If you haven't yet heard of Thundercat, give it a little more time.
A frequent collaborator with electronic hip-hop star Flying Lotus, the phenomenally gifted bassist/singer/songwriter has also worked extensively with neo-soul innovator Erykah Badu, has co-written songs for Aussie pop star Kimbra's next album, and has played with SoCal punk band Suicidal Tendencies since high school.
Thundercat — aka Stephen Bruner, son of jazz drummer Ronald Bruner — is also, as you might guess, a big ThunderCats fan. So much so that he's driven to dismay when I tell him I've never watched a single episode of the Japanimation TV show.
"Man, you are completely throwing me into the depths of hell," he groans.
Even so, the musician's spirits rally as he describes his obsession with the late '80s series.
"It was more than just a cartoon," he swears. "Aesthetically, I was attracted to the color scheme: Lion-O's hair and costume, the weapons, the whole society."
Then there was that endless struggle between the virtuous Lion-O and the villainous Mumm-Ra. "Even as a kid, I realized that Mumm-Ra would never die, you could never kill Mumm-Ra, there's no way to kill him. So it's like there's this lurking evil that's always right there."
Of course, what better reminder of all that than getting a ThunderCats logo tattooed onto your hand? "It's very awkward," he admits, "because I also have it on my shoulder. Some people would consider that psychotic."
Thundercat's other formative influence was growing up in a household where musicians like Earth, Wind and Fire's Verdine White — who gave the young musician his first bass amp — could often be found hanging out.
"My dad used to have a record player, and we would listen to Billy Cobham's Total Eclipse on repeat," he recalls. "We'd be slowing down the record, and he'd come in the room and pop one of us."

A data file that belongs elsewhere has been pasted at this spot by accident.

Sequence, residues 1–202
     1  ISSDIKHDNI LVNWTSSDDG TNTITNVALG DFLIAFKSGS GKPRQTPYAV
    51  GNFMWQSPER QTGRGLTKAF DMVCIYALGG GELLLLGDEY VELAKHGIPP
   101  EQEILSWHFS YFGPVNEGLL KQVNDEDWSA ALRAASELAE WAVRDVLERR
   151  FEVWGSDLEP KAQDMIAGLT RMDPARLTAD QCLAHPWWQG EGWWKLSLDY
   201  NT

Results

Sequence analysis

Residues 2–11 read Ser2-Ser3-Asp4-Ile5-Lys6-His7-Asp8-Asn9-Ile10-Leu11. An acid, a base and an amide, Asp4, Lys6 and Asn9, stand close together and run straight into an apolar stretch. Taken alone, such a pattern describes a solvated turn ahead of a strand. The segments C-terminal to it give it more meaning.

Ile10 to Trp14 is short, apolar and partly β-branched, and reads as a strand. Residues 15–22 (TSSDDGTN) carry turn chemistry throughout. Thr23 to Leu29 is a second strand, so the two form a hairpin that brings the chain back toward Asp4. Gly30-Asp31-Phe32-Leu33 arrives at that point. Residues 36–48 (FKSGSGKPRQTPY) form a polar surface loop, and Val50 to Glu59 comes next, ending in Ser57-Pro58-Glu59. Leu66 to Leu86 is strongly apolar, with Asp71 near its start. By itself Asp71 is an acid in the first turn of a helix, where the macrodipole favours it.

In addition to developing those nascent deejaying skills, the artist says he was 4 when he began playing bass, developing skills as intricately masterful as anyone out there today. Thundercat's vocals also convey the most eclectic elements of jazz and pop. Listen to his originals, as well as his cover of George Duke's "For Love I Come," and you'll hear echoes of U.K. avant-rock pioneers like Soft Machine.
"I'm a big Jack Bruce fan, of course. And, absolutely, Soft Machine all the way. I really love the albums where Alan Holdsworth was involved with them. So yeah, that's definitely all wrapped up in there."
As for contemporary influences, Thundercat cites his equally superhero-obsessed pal Flying Lotus, who produced his two albums and has done bumper music for the Cartoon Network. "It's not just my take on it," he says of his own recordings, "it's also based on what Lotus has contributed to it. And Lotus does things very cinematically."
Thundercat also gives high marks to Badu, who contributes lead vocals to his recent Apocalypse album.
"She's one of my closest friends, and being in the studio with her is one of the best things ever. It's like, we just talk trash, listen to music, play music. Everything was just awesome, from what I can remember."
"That just means that I obviously don't sleep a lot, because at night I'm usually out fighting crime."